- A discovery of 95 million-year-old fossils changed scientists’ understanding of when snakes evolved to lose their legs, and how large those in-between snakes were.
- Traces of legs that have disappeared still exist in some snakes such as boas and pythons in the form of vestigial organs.
- There are legless lizards that exist, and they have features that differentiate them from snakes.
Snakes have long been associated with a lack of legs. In fact, that’s one of the major ways that scientists identify snakes today! Still, there is a lot of mystery around the origins of snakes and just what caused them to lose their limbs. In recent research, there has been a lot of information coming out about snakes and when they had legs! Today, we are going to explore some of the science behind snakes, their legs, and some really strange and in-between creatures that don’t quite fit our current mold. Let’s meet the snake with legs and learn how it’s different from a lizard!
The ancient snake with legs
Snakes have been around in their familiar form for about 100 million years. From then on, there have been a few identifying factors that humans have used to help categorize them into their respective taxonomical sections (scientific categories). Recently, however, scientific findings have allowed us to peer into the past and see some ancient individuals. In some of these fossils, the snakes still had their legs!
During a dig in the La Buitrera Paleontological Area within Argentina’s Río Negro province, a fossil site was found that contained multiple fossils of ancient snakes. The fossils were from around 95 million years ago and show us some incredible changes that were taking place among the reptiles of the time.
Within that fossil, site was one particular specimen, a species of the snake now named Nagash rionegrina (the Hebrew word for snake). What made Nagash so interesting to scientists was that it was the first example of a terrestrial snake species that had robust hind legs. Before this find, only older and aquatic-dwelling specimens had been found with hind legs.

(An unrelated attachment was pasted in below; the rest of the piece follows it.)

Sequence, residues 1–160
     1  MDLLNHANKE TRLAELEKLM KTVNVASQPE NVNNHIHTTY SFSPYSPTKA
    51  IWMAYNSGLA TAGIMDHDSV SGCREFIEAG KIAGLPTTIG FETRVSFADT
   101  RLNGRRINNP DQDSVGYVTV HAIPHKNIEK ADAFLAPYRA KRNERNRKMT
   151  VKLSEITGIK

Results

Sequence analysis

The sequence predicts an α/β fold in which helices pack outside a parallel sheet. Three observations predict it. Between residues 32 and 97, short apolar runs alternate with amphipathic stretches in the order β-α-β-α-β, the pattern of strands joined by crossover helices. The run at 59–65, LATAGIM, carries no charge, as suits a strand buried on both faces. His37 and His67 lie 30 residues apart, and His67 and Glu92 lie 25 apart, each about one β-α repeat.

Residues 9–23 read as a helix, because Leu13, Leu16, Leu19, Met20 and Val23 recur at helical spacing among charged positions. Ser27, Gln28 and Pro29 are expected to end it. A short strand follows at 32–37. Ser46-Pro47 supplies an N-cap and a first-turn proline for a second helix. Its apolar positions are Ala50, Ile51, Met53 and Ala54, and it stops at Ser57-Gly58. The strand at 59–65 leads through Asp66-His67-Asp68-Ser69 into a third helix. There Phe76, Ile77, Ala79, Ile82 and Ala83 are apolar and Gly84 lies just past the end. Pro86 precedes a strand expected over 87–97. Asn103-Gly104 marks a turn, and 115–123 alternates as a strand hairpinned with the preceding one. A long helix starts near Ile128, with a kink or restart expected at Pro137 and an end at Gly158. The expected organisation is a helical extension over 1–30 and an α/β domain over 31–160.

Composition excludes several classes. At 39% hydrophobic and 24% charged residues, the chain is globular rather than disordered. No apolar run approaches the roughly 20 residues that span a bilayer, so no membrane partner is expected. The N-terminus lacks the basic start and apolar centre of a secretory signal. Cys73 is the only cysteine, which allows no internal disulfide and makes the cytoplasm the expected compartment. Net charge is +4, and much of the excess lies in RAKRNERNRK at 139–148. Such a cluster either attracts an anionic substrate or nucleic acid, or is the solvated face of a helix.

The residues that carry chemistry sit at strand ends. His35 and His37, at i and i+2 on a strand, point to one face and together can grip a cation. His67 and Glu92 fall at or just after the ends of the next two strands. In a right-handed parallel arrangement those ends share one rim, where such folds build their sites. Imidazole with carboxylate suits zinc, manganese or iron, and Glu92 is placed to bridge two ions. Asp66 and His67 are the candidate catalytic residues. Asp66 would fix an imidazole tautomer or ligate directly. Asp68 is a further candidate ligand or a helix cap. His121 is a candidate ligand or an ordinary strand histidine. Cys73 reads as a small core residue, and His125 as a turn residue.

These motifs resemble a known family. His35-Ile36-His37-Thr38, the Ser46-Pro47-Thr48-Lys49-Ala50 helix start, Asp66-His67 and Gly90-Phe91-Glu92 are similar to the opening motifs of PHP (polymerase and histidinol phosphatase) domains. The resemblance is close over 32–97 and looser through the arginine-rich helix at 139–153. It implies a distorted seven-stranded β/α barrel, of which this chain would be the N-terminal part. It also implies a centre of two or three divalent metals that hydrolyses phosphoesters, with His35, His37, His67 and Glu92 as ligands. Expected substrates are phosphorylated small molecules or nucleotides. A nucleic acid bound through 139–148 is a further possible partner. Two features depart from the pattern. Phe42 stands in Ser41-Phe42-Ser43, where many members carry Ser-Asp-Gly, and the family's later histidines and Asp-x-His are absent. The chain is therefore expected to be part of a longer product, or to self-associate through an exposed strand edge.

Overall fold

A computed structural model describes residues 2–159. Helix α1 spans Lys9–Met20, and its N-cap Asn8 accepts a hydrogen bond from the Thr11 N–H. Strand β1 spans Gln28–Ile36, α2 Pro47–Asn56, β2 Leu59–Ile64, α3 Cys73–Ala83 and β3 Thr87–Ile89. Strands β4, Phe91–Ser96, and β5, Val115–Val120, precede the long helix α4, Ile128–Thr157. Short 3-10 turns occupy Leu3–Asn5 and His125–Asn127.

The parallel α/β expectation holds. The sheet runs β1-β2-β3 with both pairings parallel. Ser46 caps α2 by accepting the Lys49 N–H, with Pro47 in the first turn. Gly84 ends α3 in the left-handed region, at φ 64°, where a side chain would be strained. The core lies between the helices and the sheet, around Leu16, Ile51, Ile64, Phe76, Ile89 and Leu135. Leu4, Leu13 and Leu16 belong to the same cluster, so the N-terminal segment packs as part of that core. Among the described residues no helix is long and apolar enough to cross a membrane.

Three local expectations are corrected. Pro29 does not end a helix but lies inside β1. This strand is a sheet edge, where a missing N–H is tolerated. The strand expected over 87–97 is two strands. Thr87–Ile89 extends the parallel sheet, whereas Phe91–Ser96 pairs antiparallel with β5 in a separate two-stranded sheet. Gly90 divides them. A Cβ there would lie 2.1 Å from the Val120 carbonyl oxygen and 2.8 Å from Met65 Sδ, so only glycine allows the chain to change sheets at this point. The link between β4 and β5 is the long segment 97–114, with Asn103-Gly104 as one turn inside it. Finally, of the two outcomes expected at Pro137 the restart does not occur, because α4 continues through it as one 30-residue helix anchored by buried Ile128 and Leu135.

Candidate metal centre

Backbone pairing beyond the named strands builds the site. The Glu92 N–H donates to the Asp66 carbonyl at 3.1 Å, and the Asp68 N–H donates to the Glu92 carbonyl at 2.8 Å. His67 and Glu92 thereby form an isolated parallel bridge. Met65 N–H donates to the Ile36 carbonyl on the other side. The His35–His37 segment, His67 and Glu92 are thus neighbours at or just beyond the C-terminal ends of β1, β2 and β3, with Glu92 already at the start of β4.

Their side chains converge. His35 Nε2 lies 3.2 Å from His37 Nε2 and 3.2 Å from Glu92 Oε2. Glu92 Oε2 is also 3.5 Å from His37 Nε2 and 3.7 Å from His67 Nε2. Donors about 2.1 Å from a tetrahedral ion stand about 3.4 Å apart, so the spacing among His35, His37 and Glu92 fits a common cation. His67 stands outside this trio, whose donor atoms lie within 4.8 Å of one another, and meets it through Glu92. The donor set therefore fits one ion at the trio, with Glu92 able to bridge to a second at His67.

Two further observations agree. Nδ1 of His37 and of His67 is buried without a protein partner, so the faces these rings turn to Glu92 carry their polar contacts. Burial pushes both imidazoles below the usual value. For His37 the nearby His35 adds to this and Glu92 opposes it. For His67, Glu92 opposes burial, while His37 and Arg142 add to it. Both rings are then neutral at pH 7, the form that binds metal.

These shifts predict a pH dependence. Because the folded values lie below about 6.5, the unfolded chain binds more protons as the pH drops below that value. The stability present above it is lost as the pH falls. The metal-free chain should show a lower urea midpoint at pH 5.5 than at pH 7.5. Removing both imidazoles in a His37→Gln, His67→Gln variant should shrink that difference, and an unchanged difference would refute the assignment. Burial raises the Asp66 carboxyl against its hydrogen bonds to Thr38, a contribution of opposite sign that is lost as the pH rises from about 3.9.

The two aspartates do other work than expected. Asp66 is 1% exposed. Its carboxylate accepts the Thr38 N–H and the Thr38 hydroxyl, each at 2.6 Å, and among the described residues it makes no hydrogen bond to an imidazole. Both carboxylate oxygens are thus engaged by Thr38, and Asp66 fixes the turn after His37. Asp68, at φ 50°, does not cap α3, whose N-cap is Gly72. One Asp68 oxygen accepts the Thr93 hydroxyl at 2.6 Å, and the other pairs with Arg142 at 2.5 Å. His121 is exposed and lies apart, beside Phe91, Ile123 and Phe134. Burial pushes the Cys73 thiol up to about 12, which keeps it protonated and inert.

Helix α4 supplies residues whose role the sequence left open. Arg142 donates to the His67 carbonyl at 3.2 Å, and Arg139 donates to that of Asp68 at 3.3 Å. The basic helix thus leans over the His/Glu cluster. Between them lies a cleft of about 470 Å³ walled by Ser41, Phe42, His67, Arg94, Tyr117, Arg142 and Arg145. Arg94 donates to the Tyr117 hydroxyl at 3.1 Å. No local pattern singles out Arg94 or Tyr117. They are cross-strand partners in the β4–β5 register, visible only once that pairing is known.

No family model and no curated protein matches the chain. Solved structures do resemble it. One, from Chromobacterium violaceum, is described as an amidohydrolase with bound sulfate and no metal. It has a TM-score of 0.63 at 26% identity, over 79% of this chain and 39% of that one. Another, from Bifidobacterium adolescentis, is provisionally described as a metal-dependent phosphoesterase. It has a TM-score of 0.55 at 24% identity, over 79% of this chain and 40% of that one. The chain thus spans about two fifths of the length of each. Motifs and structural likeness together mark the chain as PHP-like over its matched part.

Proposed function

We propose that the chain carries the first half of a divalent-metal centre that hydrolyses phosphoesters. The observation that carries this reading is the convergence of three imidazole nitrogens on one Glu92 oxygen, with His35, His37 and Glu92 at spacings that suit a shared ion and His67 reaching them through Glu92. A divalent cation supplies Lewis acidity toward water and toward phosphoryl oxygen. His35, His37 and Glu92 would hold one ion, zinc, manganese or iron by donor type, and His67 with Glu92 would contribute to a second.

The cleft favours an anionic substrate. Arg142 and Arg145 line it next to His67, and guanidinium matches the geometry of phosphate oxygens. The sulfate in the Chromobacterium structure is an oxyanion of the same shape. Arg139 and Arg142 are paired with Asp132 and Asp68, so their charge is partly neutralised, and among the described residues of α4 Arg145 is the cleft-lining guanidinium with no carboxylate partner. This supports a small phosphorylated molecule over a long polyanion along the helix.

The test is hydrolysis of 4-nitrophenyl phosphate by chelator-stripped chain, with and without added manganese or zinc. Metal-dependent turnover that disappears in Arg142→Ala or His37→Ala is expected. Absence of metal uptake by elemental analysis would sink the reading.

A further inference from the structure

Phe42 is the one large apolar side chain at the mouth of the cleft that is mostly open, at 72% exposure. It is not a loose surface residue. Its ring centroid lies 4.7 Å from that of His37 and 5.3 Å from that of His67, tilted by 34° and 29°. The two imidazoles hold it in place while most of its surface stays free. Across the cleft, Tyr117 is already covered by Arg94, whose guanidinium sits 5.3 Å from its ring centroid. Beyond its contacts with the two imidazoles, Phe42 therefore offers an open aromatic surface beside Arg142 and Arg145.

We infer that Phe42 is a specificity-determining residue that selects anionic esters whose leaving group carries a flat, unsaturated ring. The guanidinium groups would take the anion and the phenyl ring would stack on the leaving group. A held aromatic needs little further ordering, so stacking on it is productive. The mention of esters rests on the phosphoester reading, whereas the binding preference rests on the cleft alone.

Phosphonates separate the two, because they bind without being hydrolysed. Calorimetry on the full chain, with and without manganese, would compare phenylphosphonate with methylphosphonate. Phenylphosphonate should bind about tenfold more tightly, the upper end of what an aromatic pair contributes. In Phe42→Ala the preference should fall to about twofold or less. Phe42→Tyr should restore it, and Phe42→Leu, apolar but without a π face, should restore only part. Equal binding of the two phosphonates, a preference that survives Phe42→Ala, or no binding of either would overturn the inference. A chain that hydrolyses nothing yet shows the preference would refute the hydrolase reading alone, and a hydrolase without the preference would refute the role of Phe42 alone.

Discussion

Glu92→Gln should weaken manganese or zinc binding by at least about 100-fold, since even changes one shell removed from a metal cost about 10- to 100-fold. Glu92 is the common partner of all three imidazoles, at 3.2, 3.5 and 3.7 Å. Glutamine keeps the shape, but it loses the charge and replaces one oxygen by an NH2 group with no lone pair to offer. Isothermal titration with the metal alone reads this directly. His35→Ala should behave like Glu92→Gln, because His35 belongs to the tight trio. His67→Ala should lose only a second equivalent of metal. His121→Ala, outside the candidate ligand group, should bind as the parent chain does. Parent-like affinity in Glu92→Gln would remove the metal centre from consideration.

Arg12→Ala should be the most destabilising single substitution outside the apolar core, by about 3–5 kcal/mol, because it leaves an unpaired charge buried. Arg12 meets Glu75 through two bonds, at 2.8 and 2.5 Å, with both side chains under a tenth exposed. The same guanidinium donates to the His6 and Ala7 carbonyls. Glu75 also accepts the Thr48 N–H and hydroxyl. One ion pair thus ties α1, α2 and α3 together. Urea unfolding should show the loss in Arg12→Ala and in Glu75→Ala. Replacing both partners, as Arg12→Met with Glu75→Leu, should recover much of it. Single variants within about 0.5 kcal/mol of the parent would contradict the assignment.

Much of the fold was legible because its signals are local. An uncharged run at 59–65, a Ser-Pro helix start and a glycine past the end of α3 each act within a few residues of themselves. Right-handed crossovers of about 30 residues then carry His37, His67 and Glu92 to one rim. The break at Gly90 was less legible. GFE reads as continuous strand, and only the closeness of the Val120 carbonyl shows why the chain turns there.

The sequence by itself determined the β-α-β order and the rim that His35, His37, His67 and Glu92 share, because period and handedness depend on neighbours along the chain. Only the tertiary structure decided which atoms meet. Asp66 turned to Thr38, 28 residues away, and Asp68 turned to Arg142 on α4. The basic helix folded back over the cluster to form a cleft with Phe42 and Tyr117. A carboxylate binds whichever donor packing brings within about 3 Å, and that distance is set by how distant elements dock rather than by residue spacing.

How did Nagash rionegrina shake up modern snake theories?
Although Nagash rionegrina has allowed scientists to look millions of years into the past, the full picture still isn’t clear. Still, it gave us some vital information; namely, it crushed the previously held theory of the origin of modern snake species.
Before Nagash rionegrina, one of the most commonly held theories was that snakes evolved from blind, burrowing lizards that lived hundreds of millions of years ago. Slowly, they lost their legs and developed into what we understand today as modern snakes. The most primitive examples of these “burrowing snakes” are similar to the ones alive today from the scolecophidian order. (See picture above!)
The snakes found at the dig site, however, didn’t resemble small, burrowing ancestors at all. Instead, they had large skulls, sharp teeth, and large bodies, meaning that the ancient ancestors weren’t small burrowing lizards at all.
“Our findings support the idea that the ancestors of modern snakes were big-bodied and big-mouthed—instead of small burrowing forms as previously thought,”Fernando Garberoglio
Why did snakes lose their legs?
With our understanding of ancient snakes broadened, the ancient history of snakes has become a bit clearer. Still, there are some areas that are currently unknown. One of the most nagging questions scientists face is exactly why snakes lost their legs. Thanks to the fossil dig site, we know where they came from (large-bodied lizards similar to modern-day komodo dragons), but why did they lose their legs?
The current theories hold that two main evolutionary pressures are responsible for the lack of legs in modern-day snakes. The first pressure was the increased hunting ability that a legless snake would have. Even today, many snakes hunt in burrows and small, confined areas. For a snake hunting small creatures that hide in burrows and tight areas, having total mobility in those areas would have been a massive hunting advantage. Over time, evolutionary pressure allowed these highly mobile and flexible reptiles to edge out the less mobile ones with legs.